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New Cancer Therapy Options for Animals: CyberKnife Radiation

Improvements in medical care for animals and people are advancing at a dizzying rate. As more research is funded, we are discovering things that benefit both ends of the leash, and that makes the practice of medicine more challenging and interesting.
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Integrative veterinary oncology is a rapidly-growing field. Researching new techniques allows us to improve outcomes and options for both people and our beloved animal friends. [1] [2] [3] These advances are leading to expanded discussions about the ethics of treating cancer in animals. [4] Some of these advances are terribly simple. Research now shows us that some of the most powerful agents for preventing cancer development and spread are already in Mother Nature's plan if we will only eat properly. Phytonutrients, chemicals that exist naturally in plants, can directly slow cancer cell growth, starve them, and even kill them dead. More importantly, these compounds may even assist in activating genes that remove toxins from the body and prevent cellular injury that favors cells mutation into cancerous tumors. [5]

One day we may successfully address cancer in our world by preventing more cases than we are forced to treat, but that depends upon people learning important information and then putting it into action. [6] Presently, cancer is an all-too-frequent condition we must face in our clinics on a daily basis. We address these patients in many ways using all available technologies. Removing all the cancer through surgery or chemotherapy is a common goal, but this doesn't always work, and so we need other ways to approach these cases. [7] That is the heart of the integrative health movement as we successfully combine sophisticated, scientific advancements with traditional complementary and alternative therapies. [8] [9] [10]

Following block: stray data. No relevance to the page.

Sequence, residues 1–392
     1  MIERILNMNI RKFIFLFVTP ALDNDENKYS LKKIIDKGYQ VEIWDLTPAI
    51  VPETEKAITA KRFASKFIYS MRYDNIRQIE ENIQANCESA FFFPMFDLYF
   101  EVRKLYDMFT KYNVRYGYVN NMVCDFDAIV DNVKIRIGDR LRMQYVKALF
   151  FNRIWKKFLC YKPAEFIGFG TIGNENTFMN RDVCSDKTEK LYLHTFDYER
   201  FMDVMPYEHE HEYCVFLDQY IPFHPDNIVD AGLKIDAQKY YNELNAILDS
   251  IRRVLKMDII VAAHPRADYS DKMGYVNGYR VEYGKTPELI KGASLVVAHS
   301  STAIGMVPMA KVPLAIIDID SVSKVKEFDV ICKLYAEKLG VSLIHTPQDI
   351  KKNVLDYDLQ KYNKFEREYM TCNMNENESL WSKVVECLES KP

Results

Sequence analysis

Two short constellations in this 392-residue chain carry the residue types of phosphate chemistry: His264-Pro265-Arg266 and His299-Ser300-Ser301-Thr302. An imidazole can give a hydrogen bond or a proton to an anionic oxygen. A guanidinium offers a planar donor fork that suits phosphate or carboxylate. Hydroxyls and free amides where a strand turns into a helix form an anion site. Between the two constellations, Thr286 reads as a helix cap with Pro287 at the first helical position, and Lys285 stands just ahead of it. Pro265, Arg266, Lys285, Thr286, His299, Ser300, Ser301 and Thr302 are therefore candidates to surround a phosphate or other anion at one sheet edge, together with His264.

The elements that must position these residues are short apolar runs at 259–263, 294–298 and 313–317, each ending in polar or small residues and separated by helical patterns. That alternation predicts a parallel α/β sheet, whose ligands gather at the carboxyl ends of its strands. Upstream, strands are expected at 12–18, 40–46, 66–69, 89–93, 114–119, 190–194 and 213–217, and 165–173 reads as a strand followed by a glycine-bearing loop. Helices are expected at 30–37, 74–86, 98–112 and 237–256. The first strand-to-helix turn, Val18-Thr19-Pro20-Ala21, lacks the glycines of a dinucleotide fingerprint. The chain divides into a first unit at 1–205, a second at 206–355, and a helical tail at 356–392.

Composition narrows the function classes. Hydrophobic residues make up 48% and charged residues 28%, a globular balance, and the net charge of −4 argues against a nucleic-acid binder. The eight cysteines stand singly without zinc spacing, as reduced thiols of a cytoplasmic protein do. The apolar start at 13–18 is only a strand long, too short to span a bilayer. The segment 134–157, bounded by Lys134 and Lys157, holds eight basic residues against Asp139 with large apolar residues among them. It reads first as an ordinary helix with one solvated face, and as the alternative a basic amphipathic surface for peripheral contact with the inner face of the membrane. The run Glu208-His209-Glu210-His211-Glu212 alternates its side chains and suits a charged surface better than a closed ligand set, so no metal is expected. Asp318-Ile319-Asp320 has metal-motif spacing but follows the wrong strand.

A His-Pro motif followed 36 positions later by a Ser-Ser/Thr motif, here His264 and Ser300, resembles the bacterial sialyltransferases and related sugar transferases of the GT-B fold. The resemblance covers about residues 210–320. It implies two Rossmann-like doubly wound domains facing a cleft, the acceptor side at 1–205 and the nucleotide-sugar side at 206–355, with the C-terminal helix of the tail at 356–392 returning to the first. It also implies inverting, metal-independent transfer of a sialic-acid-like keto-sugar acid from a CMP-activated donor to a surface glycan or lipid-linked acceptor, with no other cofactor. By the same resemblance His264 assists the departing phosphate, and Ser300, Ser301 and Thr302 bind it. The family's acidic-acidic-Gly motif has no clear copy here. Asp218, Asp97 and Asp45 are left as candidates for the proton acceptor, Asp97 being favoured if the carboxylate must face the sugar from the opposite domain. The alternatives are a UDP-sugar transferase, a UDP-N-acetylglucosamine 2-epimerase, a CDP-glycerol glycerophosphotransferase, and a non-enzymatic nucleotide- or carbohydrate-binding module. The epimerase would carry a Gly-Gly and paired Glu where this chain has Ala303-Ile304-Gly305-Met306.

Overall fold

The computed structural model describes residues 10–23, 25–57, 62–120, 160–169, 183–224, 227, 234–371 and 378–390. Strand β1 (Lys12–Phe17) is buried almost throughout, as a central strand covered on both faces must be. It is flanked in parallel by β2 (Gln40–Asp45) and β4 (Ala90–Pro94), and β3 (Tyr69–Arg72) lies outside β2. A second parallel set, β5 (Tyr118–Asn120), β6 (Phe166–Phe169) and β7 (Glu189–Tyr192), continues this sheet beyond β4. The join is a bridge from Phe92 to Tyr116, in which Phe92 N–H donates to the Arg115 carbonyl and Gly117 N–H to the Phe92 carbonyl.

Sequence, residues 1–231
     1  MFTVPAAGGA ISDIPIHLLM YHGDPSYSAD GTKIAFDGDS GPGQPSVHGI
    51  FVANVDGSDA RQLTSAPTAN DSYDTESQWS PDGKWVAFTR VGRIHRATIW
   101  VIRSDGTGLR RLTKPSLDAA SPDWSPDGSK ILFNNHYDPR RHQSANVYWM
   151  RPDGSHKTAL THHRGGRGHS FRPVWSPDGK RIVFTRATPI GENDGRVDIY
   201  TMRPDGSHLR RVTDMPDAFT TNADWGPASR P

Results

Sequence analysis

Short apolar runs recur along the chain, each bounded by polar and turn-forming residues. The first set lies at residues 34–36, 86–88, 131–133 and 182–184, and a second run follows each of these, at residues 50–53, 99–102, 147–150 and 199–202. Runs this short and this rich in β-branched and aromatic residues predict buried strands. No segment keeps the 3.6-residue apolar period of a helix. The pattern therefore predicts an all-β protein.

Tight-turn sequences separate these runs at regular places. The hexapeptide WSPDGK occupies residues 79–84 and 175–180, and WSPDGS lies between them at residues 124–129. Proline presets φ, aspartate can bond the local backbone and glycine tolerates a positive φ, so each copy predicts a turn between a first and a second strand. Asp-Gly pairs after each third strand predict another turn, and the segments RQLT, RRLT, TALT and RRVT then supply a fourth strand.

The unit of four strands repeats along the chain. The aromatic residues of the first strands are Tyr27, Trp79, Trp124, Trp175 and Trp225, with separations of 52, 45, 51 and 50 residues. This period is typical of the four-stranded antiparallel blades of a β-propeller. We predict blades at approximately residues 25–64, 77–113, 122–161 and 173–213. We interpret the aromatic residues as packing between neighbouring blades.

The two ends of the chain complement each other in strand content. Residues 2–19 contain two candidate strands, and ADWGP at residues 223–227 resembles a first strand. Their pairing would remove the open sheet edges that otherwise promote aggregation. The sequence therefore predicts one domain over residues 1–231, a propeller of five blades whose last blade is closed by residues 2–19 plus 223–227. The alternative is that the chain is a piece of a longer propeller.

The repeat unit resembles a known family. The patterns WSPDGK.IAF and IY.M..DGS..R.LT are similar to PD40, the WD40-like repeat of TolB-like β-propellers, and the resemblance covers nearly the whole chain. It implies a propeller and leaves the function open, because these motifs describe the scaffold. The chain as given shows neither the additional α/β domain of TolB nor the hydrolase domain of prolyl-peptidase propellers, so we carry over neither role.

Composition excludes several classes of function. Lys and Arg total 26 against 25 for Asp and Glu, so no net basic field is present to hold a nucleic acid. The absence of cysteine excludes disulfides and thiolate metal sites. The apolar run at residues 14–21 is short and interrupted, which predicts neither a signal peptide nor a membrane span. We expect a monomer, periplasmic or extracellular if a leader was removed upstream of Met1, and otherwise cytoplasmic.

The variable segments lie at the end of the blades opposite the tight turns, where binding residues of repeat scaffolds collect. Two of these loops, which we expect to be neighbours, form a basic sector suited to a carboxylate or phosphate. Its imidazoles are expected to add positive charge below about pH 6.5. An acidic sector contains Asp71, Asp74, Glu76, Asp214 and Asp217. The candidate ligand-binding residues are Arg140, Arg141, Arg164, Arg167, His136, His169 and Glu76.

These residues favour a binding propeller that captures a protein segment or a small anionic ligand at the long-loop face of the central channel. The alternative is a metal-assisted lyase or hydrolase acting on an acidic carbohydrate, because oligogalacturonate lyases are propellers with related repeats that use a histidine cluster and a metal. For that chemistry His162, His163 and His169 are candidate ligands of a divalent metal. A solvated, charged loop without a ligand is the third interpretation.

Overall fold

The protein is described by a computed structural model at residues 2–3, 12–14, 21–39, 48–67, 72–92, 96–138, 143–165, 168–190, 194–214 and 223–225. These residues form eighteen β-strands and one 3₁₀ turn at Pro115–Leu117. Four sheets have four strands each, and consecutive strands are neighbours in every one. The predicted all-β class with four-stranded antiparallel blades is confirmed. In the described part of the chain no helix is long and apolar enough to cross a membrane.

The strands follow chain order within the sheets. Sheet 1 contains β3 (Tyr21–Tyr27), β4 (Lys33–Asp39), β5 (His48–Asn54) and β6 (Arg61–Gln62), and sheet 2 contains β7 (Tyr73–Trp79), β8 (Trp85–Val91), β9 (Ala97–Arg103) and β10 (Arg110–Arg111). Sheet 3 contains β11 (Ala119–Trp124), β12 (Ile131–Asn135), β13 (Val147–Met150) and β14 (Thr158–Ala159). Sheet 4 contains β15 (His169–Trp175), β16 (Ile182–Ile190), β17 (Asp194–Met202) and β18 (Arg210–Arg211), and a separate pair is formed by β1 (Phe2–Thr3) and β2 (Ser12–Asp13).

Radiation therapy is a commonly-used technique in managing veterinary oncology patients. Radiation therapy in veterinary medicine consists of focusing high doses of energy to cancerous tumors. It is used to treat large cancerous masses that cannot be surgically removed, cancers that have been surgically removed with incomplete or narrow margins (microscopic disease), or to treat pain and inflammation being caused by the cancerous masses (palliative therapy). With conventional radiation therapy, small doses of radiation therapy are given on a daily Monday-Friday schedule over a period of approximately one month. Each patient goes under a short anesthesia to keep them still while the beam is being delivered. After receiving radiation reversible side effects such as local skin irritation are common.

Stereotactic radiosurgery, or stereotactic body radiation therapy, is based on the principles of delivering high doses of radiation therapy to the normal tissues while sparing or avoiding doses to surrounding tissues, one of the greatest limiting factors historically in conventional radiation therapy. Radiosurgery was first described in 1951 by Lars Leksell, a neurosurgeon at the Karolinska Institute in Stockholm, Sweden. The initial work first involved treating human patients with benign conditions such as blood vessel malformations but later progressed to include malignant tumors. The first human patient was treated with Gamma Knife in 1968, but given the limited technology and prohibitive costs, the treatment remained limited. Given the advancement in technology, the reproducibility of patient positioning, and the availability of numerous human centers offering stereotactic radiosurgery, this technology is now becoming available to animals.